Spoilers for last night’s The Office coming up after the jump:
Well, that’s what I get for committing to something in print. Yesterday, in running down my personal contenders for the best comedy on air today, I made the case that The Office had gotten past its problem of making Michael Scott too crazy. Then came “Double Date,” a decent episode, but one whose main problem was that—Michael Scott was too crazy.
It makes sense with Michael’s character that he would impetuously commit to Helene, and have second thoughts. And it made sense—and was a lovely turn—that Pam would see the sweetness in his attention to her mom, just as it was too late. But to have Michael suddenly realize, while sitting at her birthday lunch, that she was much older than him (not exactly much of a secret) and thus has different priorities, drove him a little too far to the irrational/nutty side.
His change of heart was funny, definitely, and made for some of the best lines of the episode (“I am not robbing the cradle. If anything I am robbing the grave”). And it would have made sense to see him gradually realize that he and Helene weren’t a match. To have it suddenly com on him at lunch, though, while it made for a funnier scene (and set up the symmetry of his and Pam’s minds changing simultaneously), felt artificial. In the best episodes of The Office, character drives story, but here, the needs of the story were driving Michael’s character.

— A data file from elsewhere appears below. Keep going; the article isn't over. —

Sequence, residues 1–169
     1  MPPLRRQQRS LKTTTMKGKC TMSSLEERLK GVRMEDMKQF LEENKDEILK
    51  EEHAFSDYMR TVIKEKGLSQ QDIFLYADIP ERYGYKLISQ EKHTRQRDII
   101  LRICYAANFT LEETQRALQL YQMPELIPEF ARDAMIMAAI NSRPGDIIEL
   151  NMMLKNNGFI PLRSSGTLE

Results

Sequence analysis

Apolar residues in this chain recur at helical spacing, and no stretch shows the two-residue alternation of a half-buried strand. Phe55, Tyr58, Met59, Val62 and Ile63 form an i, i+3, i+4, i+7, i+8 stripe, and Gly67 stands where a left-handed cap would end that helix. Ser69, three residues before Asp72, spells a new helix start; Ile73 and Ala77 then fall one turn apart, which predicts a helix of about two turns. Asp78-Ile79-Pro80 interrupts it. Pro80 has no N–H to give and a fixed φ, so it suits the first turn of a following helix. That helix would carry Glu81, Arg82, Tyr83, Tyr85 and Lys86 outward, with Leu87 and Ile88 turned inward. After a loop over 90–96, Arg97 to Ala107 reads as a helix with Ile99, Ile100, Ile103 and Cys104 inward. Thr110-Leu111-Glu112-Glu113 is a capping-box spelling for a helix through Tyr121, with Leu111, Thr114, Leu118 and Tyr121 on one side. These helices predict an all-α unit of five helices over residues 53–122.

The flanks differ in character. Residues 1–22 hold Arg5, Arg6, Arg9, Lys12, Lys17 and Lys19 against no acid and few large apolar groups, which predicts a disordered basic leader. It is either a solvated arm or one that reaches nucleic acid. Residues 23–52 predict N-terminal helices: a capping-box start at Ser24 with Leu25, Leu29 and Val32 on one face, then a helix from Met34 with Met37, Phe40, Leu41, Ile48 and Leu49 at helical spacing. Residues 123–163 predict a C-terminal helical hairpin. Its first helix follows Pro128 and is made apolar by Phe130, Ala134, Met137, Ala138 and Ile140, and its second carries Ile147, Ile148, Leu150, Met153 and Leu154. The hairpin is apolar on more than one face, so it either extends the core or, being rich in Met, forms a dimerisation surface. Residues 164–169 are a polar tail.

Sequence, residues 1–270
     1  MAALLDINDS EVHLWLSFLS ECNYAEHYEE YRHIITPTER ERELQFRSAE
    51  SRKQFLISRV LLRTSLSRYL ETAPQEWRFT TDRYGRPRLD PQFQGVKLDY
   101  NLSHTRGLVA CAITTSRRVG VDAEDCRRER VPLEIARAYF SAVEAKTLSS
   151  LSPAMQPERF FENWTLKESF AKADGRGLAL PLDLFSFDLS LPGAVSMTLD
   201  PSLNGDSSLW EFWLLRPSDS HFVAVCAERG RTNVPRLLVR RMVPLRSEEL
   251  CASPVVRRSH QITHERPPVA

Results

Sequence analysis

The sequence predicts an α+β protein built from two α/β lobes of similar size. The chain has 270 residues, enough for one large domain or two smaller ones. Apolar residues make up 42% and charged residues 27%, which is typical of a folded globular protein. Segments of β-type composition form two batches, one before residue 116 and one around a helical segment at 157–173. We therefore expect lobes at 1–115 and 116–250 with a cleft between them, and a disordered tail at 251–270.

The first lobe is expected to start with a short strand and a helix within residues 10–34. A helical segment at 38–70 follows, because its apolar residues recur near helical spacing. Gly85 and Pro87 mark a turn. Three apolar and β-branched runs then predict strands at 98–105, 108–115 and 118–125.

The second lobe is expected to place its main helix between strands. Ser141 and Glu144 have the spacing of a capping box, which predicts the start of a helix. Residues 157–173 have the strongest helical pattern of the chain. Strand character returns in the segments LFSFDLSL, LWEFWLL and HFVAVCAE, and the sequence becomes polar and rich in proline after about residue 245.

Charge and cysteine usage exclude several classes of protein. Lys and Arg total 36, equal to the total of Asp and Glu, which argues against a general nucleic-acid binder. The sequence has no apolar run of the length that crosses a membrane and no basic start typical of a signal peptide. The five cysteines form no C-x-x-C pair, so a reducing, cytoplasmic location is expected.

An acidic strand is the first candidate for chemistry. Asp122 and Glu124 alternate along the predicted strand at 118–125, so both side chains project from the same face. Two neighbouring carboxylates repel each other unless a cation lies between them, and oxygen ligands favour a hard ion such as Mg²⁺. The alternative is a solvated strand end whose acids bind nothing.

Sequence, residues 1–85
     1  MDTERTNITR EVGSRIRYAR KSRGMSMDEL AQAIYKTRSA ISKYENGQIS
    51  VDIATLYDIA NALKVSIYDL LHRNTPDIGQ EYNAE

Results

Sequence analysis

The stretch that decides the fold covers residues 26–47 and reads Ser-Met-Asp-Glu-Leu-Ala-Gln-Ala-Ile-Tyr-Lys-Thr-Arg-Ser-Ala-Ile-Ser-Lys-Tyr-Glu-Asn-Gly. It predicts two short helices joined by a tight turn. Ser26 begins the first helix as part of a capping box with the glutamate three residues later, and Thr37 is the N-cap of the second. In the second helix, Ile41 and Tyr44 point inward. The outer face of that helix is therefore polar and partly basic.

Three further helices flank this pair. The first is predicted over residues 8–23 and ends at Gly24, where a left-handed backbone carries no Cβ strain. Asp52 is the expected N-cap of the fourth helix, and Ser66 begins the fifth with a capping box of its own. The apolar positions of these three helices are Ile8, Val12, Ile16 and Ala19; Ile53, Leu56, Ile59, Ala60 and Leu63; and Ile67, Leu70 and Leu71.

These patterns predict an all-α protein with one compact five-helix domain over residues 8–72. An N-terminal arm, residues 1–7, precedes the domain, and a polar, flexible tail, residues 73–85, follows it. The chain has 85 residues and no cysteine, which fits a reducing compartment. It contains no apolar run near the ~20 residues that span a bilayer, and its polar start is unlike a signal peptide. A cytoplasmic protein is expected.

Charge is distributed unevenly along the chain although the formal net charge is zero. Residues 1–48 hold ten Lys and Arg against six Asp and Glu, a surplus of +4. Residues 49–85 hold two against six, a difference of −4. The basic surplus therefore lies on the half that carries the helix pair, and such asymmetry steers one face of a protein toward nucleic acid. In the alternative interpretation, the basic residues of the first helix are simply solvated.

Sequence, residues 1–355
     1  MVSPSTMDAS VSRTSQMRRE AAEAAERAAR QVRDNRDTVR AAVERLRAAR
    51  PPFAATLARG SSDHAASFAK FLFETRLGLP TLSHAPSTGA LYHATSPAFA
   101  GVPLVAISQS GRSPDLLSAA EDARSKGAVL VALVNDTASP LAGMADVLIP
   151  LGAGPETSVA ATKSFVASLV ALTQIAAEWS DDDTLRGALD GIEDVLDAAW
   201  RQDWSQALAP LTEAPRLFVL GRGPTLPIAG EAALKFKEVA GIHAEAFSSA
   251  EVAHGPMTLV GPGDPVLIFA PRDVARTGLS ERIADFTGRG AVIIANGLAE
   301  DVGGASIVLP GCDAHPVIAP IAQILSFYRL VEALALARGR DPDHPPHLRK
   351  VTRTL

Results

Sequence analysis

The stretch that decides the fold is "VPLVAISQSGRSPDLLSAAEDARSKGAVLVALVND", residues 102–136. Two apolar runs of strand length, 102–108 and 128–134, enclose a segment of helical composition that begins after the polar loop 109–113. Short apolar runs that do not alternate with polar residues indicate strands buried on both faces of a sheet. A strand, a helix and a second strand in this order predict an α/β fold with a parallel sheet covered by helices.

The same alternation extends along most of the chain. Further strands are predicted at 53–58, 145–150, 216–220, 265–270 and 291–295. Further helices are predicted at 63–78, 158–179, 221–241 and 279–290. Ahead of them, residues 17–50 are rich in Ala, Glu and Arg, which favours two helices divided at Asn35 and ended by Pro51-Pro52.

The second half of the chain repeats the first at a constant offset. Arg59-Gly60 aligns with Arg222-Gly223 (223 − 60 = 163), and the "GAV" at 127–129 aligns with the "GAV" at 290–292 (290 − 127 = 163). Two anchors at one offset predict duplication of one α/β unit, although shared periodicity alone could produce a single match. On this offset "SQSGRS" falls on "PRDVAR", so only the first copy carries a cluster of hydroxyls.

On the plus side, however, the episode brought out another excellent performance from Jenna Fischer, who managed to bring some believable grounding to a hilarious setup: a pregnant lady beating up her boss in the parking lot to avenge her mom’s honor. Her face showed the actual hurt and anger behind her hilarious ultimatum: “Never date anyone in my family again.” And as The Office often does, the main conflict gave some spotlight moments to supporting characters, as when Toby gave Pam a boxing lesson in full view of his adversary Michael.
Not a bad episode, but it left me feeling that the show could have made better use of the How I Dated Your Mother storyline than it did. As for the best-comedy-on-TV competition: with Parks and Recreation knocking another one out of the park(s), week to week this is anyone’s game.
[Update: It was a great Parks & Rec last night, but since I took a stab at the episode in my post yesterday and have limited time, I don't think I'll review separately, so feel free to discuss here. Also, credit to Alan Sepinwall for having used this headline about a Mad Men episode. I knew I'd seen it somewhere.]